Stare at a kissing gourami for about two minutes and you'll feel the contagious pouting of its lips. You might find yourself involuntarily pouting your lips, too. The freshwater fish seems like always ready to kiss. No wonder why it's called a kissing gourami or kisser by some. Although obviously lovely, this fish can be a little tricky to handle, especially if you are not equipped with the needed knowledge.
In the place of its origin, in the Southeast Asia, the kissing gourami is surprisingly popular as a food fish, cooked by pan frying, broiling, baking, and steaming. From these places, the kissing gourami is bred and exported to Australia, North America, Europe, and Japan, where it is considered a pet fish.
Unfortunately, the fish is not really that good for ornamental fish keeping unless pink, flesh, and silver-green colors are appealing for you. Besides color, it doesn't have any other variation. Still, many fish keepers are amazed with its almost scale- and skin-less look, especially its kissing lips, which are actually its teeth.
Despite the few choices, keeping kissing gourami is a demanding job. The fish can reach 12 inches long, with a lifespan of up to seven years. If you want it smaller, then get the balloon pink or the dwarf kissing gourami. These two were specially bred to achieve a smaller kisser.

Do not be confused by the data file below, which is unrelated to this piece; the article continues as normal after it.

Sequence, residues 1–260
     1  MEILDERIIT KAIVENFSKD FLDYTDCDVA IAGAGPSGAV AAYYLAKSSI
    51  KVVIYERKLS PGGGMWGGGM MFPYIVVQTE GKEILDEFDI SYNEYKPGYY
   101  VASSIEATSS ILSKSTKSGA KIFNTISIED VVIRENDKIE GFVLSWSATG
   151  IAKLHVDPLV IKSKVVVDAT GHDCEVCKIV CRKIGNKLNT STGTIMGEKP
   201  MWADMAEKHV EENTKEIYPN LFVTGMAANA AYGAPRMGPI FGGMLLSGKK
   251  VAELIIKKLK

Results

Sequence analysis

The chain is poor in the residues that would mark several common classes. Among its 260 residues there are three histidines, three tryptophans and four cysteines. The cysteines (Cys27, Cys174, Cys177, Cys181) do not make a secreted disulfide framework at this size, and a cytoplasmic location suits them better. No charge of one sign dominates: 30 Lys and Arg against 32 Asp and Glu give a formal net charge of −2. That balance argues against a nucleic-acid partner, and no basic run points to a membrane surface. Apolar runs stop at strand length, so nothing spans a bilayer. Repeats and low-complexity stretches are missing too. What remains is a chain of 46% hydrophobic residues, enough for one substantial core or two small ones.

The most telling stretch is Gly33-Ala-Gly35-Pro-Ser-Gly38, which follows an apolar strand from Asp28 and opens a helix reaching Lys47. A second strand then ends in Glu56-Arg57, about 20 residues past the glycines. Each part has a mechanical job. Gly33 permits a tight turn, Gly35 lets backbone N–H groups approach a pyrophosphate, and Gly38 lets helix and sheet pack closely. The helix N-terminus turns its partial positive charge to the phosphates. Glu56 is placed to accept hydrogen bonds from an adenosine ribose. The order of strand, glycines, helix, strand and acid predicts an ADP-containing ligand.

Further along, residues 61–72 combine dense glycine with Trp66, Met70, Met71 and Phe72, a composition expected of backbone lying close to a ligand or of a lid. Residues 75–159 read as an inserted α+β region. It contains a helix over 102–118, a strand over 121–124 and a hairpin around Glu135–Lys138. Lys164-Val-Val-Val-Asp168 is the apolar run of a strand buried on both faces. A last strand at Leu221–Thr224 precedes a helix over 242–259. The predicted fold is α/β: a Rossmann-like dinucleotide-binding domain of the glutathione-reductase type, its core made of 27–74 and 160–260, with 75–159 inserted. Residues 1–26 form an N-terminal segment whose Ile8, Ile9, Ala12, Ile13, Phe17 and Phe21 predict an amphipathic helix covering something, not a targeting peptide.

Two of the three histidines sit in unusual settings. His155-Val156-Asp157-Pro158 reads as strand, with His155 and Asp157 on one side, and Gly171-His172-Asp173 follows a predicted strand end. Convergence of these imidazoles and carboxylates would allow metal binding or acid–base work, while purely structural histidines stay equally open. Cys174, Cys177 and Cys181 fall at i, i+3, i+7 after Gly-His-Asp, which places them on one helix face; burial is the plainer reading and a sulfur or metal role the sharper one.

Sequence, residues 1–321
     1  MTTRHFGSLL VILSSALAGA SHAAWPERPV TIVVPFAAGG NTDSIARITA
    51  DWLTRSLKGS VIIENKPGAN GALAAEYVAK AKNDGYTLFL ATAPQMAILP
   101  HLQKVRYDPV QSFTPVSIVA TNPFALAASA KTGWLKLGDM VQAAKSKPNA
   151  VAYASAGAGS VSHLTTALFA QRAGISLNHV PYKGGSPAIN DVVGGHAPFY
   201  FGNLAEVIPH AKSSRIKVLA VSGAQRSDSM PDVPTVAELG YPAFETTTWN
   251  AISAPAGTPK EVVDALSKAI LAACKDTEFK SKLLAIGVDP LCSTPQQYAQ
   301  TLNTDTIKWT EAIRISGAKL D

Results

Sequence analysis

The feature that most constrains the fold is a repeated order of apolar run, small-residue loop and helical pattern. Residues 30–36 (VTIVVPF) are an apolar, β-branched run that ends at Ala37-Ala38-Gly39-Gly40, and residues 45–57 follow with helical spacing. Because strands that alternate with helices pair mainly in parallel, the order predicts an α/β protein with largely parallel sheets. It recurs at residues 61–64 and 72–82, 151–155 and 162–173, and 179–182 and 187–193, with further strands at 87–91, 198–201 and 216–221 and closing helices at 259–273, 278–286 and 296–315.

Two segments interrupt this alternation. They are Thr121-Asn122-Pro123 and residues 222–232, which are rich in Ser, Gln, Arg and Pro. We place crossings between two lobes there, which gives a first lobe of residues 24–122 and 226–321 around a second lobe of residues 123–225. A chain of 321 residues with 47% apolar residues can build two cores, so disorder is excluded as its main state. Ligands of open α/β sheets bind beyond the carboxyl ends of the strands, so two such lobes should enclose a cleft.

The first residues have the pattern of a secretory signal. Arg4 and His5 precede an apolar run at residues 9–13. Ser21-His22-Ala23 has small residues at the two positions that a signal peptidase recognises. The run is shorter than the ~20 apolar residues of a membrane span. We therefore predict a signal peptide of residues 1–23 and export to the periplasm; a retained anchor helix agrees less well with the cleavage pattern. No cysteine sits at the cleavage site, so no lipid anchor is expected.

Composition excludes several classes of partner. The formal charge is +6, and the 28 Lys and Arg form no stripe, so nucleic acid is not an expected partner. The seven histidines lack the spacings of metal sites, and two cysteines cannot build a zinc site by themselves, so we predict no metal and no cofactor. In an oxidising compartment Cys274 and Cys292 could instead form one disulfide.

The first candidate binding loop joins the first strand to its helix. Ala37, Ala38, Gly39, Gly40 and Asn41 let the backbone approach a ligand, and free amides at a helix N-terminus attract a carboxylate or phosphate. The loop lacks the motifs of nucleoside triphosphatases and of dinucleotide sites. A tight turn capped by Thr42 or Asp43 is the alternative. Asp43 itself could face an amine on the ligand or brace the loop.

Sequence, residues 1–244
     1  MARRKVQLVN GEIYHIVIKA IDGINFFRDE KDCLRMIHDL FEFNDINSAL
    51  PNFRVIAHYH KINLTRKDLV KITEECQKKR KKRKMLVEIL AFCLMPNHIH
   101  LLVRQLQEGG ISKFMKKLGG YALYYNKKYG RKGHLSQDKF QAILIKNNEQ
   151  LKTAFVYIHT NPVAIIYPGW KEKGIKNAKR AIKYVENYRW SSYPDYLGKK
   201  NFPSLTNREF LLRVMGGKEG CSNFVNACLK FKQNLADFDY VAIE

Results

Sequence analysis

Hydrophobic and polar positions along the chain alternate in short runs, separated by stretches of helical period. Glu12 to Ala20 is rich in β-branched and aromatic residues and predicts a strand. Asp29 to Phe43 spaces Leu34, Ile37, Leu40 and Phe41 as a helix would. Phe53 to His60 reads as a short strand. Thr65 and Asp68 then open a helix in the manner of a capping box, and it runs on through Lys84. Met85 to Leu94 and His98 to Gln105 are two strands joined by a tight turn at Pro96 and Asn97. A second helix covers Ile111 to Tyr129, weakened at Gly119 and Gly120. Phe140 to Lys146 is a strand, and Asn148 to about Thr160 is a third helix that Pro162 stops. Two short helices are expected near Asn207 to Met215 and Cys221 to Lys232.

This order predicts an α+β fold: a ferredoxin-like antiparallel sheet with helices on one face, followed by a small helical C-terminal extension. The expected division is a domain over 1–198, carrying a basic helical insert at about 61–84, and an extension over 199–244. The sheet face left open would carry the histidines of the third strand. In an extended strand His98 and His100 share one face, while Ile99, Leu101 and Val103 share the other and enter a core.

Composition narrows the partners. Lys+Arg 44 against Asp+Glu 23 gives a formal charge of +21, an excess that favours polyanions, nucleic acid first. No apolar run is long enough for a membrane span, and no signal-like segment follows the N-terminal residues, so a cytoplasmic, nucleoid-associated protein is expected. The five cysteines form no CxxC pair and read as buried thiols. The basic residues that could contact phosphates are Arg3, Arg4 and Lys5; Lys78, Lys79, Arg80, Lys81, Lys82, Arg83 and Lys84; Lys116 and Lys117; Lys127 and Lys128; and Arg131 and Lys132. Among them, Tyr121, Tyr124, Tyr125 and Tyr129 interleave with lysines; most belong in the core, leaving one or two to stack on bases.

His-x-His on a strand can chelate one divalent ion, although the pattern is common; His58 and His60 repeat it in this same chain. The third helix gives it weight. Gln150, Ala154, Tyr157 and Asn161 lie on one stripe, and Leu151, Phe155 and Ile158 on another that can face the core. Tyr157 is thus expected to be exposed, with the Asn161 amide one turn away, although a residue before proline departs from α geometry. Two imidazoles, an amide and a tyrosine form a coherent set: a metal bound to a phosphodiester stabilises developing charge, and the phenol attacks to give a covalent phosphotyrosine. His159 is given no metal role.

In the wild, the kissing gourami lives in a slow-moving but heavily vegetated pond. Imitate the same quality of aquarium habitat for the fish and you'll keep it happy and healthy.
A slow-moving tank can be achieved by not using air pump or choosing special filters. For the needed plants, it's best to stick with java moss and java fern. But since the fish is fond of digging plants, you better use big gravels and stones to prevent this habit.
Set all these up in a 50-gallon tank. While a young kisser can survive in a 20-gallon tank, it will outgrow it so fast and you'll soon need a bigger tank. A 50-gallon tank is, therefore, a better investment.
The tank for a kissing gourami should keep the water at least 72oF to as much as 82oF while the pH should be between 6 and 8. Although it is a hardy fish, it still has a preference on water hardness, which is 5 to 20 dH.
Algae growth is in favor for the kissing gourami's hungry stomach. Better not to clean the tank glass to produce this natural food source.
The kissing gourami naturally feeds on algae that is growing on corrals. It nips on the corral stones just to get the algae, a behavior similar to the parrotfish.
But if you can't let algae grow, then choose among other food choices for the kisser like aquatic plants, phytoplankton, and zooplankton. There are algae wafer, too, which can perfectly replace the naturally grown algae.
Usual food choices like flakes and pellets are also good. Freeze and live foods like worms and brine shrimps will give a variety to its usual diet.
A kissing gourami is potentially a territorial and aggressive fish. Some of it, however, can be peaceful and live harmoniously with other fishes of its kind. So before you take a kissing gourami home, observe its behavior first. An aggressive fish will be a real headache, be it a kissing gourami or not.